"Dave Blizzard was at the sendoff and Trudy Eagan (who was in New Brunswick presenting a scholarship in memory of her brother Tom) sent a warm message to Larry wishing him well," says Maryanna.

"Other old Sun faces at the bash included Darlene Avery, Larry's sister Colleen Leblanc, Art Roach and his wife Lindy, Andy Balfour, Randy Miller and Calvin Reynolds.

"Several current employees also managed to make it to the sendoff."

Maryanna says "kudos to Tim Peckham for a brilliant front page and to Stephen Fraser for rounding up a great photo of Larry, who is notoriously camera shy. Gary Latham coordinated the sendoff, and Larry's sister helped spread the word."

She says Larry's departure marks the end of an era for the Gillespie clan. His brother, Chris, and sister, Colleen, got laid off on the same day. And the closure of the press room eliminated positions for his brothers Glenn and Paul (a Day Oner).

The Gillespies were legends in their own time at the Sun.

Maryanna says Larry's first job at the Sun was in the Sun Syndicate department. He later moved to information services (as it was then called).

"He worked through the era when editorial types associated CSI with monochrome monitors, not high-tech forensic technology. Computer filing freedom for reporters on the road first came from Radio Shack TRS-80 computers, the model T of journalism laptops.

"It's hard to believe now that we could have put out a paper with such primitive technology. But it was the content that made the underdog Sun such a success, not the technology."

Maryanna said Larry wanted his departure to be low key, but you can't keep a 34-year man 's exit and the end of the Gillespie dynasty out of TSF.

All the best to all of the Gillespies. You made a difference.

New Hinton paper

Sun Media is advertising for a new publisher at the Hinton Parklander in Alberta.

It seems the previous publisher, along with former Parklander employees who were laid off or quit recently, are about to launch their own independent print newspaper.

It is called the Hinton Voice and TSF, for one, wishes them all the best in competing with the Parklander for advertisers and readers.

There's nothing like a new kid on the block to kickstart journalistic adrenalin.

We hope it becomes a movement.

The Parklander will have a slight edge in manpower, but as the 62 former Toronto Telegram employees who launched the Toronto Sun in 1971 learned, the need to succeed trumps conglomerate complacency every time.

Says a tipster:

"The Town of Hinton has a new independent newspaper which is set to launch its first edition.

"The Hinton Voice is staffed by former Sun Media employees who worked at the Hinton Parklander, which is still operating. One was let go during the move to have composing moved elsewhere, one quit, the other left to join the new paper.

"And apparently they have found a very sympathetic printer."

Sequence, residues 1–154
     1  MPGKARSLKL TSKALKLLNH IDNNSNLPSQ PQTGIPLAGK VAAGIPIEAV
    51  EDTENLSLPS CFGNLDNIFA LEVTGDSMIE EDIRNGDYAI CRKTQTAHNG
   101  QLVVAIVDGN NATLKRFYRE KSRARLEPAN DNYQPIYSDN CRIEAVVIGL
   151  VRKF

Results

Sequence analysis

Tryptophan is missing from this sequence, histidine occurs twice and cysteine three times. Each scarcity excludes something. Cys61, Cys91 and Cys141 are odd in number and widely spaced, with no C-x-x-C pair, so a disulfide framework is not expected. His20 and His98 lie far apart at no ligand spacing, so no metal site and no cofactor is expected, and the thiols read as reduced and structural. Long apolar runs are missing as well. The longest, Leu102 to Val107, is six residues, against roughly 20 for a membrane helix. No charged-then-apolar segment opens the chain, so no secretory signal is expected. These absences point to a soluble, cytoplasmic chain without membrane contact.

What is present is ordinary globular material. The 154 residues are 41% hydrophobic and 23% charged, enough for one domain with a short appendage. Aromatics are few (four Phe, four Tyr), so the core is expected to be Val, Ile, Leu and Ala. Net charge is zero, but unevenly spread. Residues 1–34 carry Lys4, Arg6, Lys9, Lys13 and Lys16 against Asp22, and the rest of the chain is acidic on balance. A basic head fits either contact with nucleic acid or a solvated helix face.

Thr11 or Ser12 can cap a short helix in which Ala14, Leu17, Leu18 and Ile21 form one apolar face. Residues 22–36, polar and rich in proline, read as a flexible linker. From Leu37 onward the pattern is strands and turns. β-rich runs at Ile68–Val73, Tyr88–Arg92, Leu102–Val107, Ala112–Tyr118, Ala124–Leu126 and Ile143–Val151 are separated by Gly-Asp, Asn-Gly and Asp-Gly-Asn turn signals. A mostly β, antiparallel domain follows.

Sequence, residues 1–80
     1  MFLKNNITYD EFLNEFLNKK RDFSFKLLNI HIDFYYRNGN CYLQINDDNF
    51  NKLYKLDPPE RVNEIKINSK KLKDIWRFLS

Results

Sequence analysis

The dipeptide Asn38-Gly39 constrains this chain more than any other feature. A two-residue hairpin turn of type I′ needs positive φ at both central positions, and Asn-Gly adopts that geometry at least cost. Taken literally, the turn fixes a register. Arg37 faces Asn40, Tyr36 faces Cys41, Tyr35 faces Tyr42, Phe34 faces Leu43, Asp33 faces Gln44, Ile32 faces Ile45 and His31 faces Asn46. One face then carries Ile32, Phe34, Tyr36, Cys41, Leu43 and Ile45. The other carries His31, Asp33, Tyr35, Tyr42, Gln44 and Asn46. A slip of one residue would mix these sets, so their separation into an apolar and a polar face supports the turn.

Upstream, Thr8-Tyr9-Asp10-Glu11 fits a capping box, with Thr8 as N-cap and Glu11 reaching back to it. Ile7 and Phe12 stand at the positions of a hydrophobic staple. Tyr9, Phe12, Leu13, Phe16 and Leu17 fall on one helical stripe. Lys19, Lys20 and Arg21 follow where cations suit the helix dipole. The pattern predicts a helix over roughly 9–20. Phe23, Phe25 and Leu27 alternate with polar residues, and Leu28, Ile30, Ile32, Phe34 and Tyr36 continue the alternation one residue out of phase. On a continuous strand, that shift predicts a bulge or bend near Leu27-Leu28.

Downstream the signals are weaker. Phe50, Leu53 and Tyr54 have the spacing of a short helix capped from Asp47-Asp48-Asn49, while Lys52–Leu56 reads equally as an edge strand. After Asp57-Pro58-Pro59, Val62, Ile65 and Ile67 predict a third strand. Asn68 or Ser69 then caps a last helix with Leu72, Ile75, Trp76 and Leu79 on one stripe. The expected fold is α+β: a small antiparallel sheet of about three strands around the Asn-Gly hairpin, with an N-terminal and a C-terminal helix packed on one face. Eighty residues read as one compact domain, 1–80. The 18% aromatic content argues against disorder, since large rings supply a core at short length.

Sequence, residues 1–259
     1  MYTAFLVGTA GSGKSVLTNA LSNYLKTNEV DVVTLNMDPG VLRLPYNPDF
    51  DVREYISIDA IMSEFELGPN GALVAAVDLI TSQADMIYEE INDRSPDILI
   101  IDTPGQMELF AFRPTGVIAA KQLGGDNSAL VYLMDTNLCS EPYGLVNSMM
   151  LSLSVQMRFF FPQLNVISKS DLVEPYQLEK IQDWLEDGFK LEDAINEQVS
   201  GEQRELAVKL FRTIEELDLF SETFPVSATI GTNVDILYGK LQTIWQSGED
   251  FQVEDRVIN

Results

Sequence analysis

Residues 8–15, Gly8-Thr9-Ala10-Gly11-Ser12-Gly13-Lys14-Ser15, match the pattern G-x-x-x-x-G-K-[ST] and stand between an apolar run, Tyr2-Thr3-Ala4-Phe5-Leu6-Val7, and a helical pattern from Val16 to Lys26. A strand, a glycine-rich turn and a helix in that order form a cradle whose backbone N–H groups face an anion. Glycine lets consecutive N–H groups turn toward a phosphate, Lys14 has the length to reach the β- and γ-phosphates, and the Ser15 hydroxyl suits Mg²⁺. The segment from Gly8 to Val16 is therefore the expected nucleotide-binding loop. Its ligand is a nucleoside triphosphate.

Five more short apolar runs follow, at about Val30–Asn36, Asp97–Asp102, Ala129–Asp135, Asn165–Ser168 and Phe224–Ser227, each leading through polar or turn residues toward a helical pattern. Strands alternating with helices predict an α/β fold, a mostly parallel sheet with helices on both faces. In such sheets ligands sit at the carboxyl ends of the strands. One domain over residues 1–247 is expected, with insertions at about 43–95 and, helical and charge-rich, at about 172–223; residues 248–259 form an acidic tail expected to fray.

The tipster didn't mention a launch date, or whether the Hinton Voice will have a voice online, but TSF is looking forward to a photo of the first print issue to share with blog readers.

Even better, a first issue in the mail, with a TSF donation to the cause, of course.

Break a leg, folks.

All you can do is the best you can.

Wednesday, 17 June 2009

Not cool-er

Welland Tribune staffers say they aren't cool with publisher Ken Koyama's water cooler still up and running after they lost theirs recently.

"The newsroom/prepress/advertising water cooler was eliminated as a cost saving measure as well as the lunch room," says a TSF tipster.

"But the first floor, with publisher Ken Koyama and a few assistants, has a water cooler and lunch room which is off limits and locked up to night staff."

Meanwhile, tipsters working in other older newspapers buildings with old water pipes are raising health concerns. That leaves bottled water and some people question the safety of bottled water.

TSF wonders how many Sun Media buildings are air conditioned and is that comfort zone on the endangered list?

Sun Media employees concerned about working in unhealthy environments should request provincial air and water testing.

Air quality in the Toronto Sun newsroom was tested in the early 1980s when a concerned reporter, backed by others, called in the provincial health department to test the air quality.

It was a good move because air circulation in the new building wasn't working properly and the problem was corrected.

There is no disputing the rights of employees when it comes to a healthy work environment.

Tuesday, 16 June 2009

Short shorts

Hundreds of vintage, iconic red Sun newspaper boxes in Toronto, Ottawa, Edmonton, Calgary and Winnipeg have seen better days. On Saturday, the Winnipeg Sun, working with city business organizations, allowed children to "muralize" 40 Sun boxes to cover wear, tear and graffiti.